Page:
A high-ranking leader of the Latin Kings street gang was sentenced to 35 years in federal prison after being convicted of racketeering conspiracy and related charges involving narcotics trafficking and violence that plagued the Little Village neighborhood on the city’s west side. The defendant, JUAN AMAYA, 38, was convicted by a jury in March of this year after a trial in U.S. District Court.
In 2008, Amaya was the leader, or “Regional Inca,” of the Almighty Latin King Nation’s 26th Street Region, encompassing Little Village, the gang’s most important stronghold. Amaya was “in charge of over 1,000 soldiers ― many of whom were simply boys sent off to kill or be killed” under rules and policies he oversaw, the government argued in seeking a sentence of 40 years’ imprisonment.
Amaya was held responsible for participating in a conspiracy to commit murder, according to findings by U.S. District Judge Rebecca Pallmeyer, who imposed the sentence in Federal Court. Amaya must serve at least 85 percent of the sentence.
Last week, Nedal Issa, who was the Inca of the Latin Kings’ Cicero Section of the 26th Street Region and who pleaded guilty, cooperated, and testified as a government witness, was sentenced to nearly 17 years in prison by U.S. District Judge Charles Norgle. Amaya’s sentencing marks the last significant event in cases since 2008 that resulted in federal convictions of, and lengthy sentences for, Augustin Zambrano, the Latin Kings’ leader or “Corona;” Vicente Garcia, the gang’s “Supreme Regional Inca;” Fernando King, who preceded Garcia as second-incommand; and more than two dozen other top-ranking leaders.
“These sentences hold these defendants accountable for the barbaric enterprise known as the Latin Kings and for their roles in murder, attempted murder, shootings, beatings, drug trafficking, and other crimes,” said Zachary T. Fardon, United States Attorney for the Northern District of Illinois. “I want to thank our local, state and federal law enforcement partners for their brave and outstanding work resulting in a major impact on this gang enterprise,” Mr. Fardon added.
The evidence at Amaya’s trial showed that by 2008, just a couple of years after he was released on parole from a 24-year sentence for a 1992 murder conviction, Amaya was promoted to Regional Inca of the Little Village Region, reporting only to Garcia and Zambrano and effectively running the gang at their behest. During his tenure, Amaya discussed 25 shootings committed by his underlings while expressing pride at the consistency of violence. All told, hundreds of shootings resulting from Latin Kings conduct occurred in Little Village during the period of Amaya’s prominence, according to the government.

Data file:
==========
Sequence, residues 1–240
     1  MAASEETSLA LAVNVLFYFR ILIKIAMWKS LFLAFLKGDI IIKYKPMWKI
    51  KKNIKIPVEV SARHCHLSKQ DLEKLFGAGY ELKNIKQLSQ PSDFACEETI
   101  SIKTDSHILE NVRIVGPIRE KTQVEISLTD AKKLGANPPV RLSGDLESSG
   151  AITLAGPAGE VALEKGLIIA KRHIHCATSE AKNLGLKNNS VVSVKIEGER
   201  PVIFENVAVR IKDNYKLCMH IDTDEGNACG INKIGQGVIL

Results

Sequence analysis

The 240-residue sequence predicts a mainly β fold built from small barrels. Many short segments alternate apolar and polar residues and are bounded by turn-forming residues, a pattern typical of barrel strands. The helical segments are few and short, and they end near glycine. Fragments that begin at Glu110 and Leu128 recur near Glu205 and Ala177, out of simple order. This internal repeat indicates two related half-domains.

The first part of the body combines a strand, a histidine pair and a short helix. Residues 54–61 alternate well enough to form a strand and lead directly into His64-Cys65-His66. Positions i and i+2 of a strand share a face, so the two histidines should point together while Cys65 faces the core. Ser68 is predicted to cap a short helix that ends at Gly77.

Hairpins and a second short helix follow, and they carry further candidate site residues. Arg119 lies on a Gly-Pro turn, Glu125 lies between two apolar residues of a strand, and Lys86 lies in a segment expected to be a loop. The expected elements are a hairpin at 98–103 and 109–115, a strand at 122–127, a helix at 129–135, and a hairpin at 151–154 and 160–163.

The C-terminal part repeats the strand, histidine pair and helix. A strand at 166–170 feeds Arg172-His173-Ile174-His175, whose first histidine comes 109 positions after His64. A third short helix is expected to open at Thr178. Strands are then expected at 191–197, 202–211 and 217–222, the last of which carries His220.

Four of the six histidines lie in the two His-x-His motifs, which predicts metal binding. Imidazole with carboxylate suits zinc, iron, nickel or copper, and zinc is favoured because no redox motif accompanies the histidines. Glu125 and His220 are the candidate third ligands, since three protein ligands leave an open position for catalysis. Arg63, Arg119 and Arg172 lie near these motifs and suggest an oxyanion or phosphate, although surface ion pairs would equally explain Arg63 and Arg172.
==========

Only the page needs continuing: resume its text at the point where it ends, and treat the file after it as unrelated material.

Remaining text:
Amaya was indicted separately in 2012 following the 2008 and 2009 indictments of more than 30 top leaders of the Latin Kings. All have been convicted and sentenced except for a few defendants who remain fugitives. From its origin and base in the west side Little Village neighborhood, the Latin Kings spread throughout Chicago and Illinois and established branches in other states, where local leaders acted with some autonomy but adhered to the rules and hierarchy of the Chicago gang, according to trial evidence and court records.
The sentence was announced by Zachary T. Fardon, United States Attorney for the Northern District of Illinois; Robert J. Holley, Special Agent-in-Charge of the Chicago Office of the Federal Bureau of Investigation; and Carl Vasilko, Special Agent-in-Charge of the Chicago Office of the Bureau of Alcohol, Tobacco, Firearms and Explosives. The Chicago Police Department, the U.S. Immigration and Customs Enforcement (ICE) Office of Homeland Security Investigations (HSI) in Chicago, and the Cook County Sheriff’s Police also had significant roles in the investigation, which was conducted through the federal High Intensity Drug-Trafficking Area (HIDTA) Task Force and under the umbrella of the Organized Crime Drug Enforcement Task Force (OCDETF).
In late 2006, ATF agents led an investigation that resulted in federal drug trafficking and firearms charges against 38 Latin Kings members and associates. In 2008, the FBI led an investigation that resulted in state and federal charges against 40 Latin Kings members and associates, including Zambrano and numerous co-defendants. In total, nearly 100 Latin Kings members and associates have faced state or federal charges since 2006. The convictions resulted from a sustained, coordinated effort by federal law enforcement agencies, working together with the Chicago Police Department and other state and local partners, to dismantle the hierarchy of the Latin Kings and other highly-organized, often violent Chicago street gangs.
Zambrano was the highest-ranking Latin King to be convicted and sentenced since Gustavo “Gino” Colon, who also holds the title of “Corona,” was sentenced to life in prison in 2000.
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